Everyone should have housing that meets their needs, regardless of their circumstances.
We investigate how online tenant screening services and digital records systems operate, and how they impact access to housing. For many people, access to housing depends on a background check into criminal, eviction, and credit records. These records are error prone, misleading, and discriminatory, keeping housing out of reach for those who need it most. Advocates across the country have worked to pass laws expanding access to housing and limiting the negative impacts of background checks in tenant screening. We aim to support and further those efforts.
Harlan Yu, Aaron Rieke, and Natasha Duarte
We sent a memo to agency leaders in the Biden administration on technology’s role in housing discrimination.Read more
Latest work in this issue areaAll work in this issue area
Upturn submitted this testimony supporting the passage of eviction sealing legislation in the District of Columbia and urging the DC Council to amend the bill to require all evictions to be automatically sealed at the point of filing.
Upturn submitted this testimony in support of DC legislation that would seal many eviction records and limit their use to make housing decisions.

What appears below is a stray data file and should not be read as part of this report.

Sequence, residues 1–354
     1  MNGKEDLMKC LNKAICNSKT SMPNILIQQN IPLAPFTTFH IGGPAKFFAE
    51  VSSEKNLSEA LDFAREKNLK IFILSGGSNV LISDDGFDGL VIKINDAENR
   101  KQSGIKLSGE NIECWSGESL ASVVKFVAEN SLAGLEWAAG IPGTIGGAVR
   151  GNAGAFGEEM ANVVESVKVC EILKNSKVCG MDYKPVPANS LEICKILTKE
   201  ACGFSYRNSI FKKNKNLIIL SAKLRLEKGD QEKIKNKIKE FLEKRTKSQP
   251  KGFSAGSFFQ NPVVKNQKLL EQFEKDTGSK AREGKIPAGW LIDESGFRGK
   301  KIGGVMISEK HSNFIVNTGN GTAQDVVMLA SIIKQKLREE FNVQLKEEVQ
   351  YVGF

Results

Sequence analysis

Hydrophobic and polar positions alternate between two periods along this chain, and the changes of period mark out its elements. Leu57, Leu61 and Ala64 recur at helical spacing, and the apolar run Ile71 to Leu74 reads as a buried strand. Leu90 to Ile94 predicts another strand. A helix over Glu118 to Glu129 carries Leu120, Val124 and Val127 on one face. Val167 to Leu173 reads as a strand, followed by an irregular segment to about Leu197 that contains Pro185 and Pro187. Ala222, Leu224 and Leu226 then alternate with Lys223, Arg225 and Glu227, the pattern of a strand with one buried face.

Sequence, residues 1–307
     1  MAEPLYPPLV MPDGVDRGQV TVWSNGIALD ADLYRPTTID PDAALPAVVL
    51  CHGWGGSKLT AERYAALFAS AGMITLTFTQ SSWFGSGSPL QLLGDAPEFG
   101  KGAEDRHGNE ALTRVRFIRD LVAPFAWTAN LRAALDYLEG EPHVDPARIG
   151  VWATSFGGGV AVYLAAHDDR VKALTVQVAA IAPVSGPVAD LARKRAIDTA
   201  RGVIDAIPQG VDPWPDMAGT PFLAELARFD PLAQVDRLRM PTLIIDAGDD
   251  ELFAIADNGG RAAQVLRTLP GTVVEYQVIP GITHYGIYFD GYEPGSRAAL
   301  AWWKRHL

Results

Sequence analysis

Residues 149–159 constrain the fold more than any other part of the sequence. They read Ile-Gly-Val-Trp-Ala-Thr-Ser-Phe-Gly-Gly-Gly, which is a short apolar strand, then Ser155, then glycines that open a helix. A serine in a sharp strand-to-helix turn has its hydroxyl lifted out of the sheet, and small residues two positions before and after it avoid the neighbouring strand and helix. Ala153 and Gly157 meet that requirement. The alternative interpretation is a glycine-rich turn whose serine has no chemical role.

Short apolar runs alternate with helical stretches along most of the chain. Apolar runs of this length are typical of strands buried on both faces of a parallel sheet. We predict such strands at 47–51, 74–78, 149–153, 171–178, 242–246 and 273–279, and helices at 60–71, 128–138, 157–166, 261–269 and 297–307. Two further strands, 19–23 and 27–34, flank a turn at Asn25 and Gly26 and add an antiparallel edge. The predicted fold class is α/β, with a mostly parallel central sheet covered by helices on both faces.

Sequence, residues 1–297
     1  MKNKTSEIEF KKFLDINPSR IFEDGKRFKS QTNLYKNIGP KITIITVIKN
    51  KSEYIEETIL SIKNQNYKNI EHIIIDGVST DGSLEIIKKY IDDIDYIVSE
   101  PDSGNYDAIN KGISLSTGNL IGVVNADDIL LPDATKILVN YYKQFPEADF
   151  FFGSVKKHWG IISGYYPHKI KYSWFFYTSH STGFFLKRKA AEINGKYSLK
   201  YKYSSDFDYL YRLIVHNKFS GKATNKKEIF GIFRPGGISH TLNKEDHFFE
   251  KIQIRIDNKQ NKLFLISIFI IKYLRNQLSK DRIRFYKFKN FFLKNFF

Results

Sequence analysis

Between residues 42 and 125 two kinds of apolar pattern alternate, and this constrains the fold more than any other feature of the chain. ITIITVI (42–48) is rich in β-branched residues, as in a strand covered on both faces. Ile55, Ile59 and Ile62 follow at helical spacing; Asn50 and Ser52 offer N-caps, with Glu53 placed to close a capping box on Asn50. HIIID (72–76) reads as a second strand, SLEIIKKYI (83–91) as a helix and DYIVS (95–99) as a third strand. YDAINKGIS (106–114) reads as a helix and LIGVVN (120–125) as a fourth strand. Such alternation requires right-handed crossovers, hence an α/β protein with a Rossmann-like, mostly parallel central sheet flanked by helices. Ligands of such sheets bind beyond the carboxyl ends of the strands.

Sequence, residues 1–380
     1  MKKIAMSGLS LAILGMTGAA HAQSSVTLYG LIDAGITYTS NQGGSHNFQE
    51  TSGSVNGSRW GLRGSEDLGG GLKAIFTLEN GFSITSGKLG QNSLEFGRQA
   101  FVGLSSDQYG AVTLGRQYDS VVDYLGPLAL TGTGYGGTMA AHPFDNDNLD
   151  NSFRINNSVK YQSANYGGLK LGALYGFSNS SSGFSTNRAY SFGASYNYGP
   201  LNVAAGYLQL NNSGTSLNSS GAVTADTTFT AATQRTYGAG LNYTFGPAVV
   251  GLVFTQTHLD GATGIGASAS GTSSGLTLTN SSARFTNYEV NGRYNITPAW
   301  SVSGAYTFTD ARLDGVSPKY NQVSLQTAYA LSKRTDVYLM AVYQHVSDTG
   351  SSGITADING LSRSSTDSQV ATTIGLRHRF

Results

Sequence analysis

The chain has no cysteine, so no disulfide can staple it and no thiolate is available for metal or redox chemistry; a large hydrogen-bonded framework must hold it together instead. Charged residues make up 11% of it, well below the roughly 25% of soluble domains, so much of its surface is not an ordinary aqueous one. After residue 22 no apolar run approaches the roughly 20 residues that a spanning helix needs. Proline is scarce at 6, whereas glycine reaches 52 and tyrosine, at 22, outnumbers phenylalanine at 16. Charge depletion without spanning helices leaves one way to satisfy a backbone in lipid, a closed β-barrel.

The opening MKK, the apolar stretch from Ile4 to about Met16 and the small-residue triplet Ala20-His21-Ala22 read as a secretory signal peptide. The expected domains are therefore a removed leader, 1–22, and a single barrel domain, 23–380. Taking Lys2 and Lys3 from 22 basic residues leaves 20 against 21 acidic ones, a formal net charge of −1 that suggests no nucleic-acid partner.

Upturn testified in support of a bill to make it harder for landlords to reject tenants because of eviction records and credit history.
We argued that HUD’s proposed changes to its disparate impact rule would undermine crucial housing protections for vulnerable communities by reducing plaintiffs’ ability to address discriminatory effects from the use of algorithmic models.
Selected press and events
Miranda Bogen: “Any ad platform that allows this sort of ad-targeting, or that tries to optimize delivery to the right kind of people, will have to grapple with the same sort of issues that Facebook has been called out for.”
Natasha joined TechEquity Collaborative to discuss how public and private sector technologies are deployed in the housing space, what possible risks these tools pose for embedding inequality, and what policy solutions can prevent algorithmic bias in housing.
“Because there are so many different tenant screening companies, renters cannot find out in advance or challenge what a company will say about them.”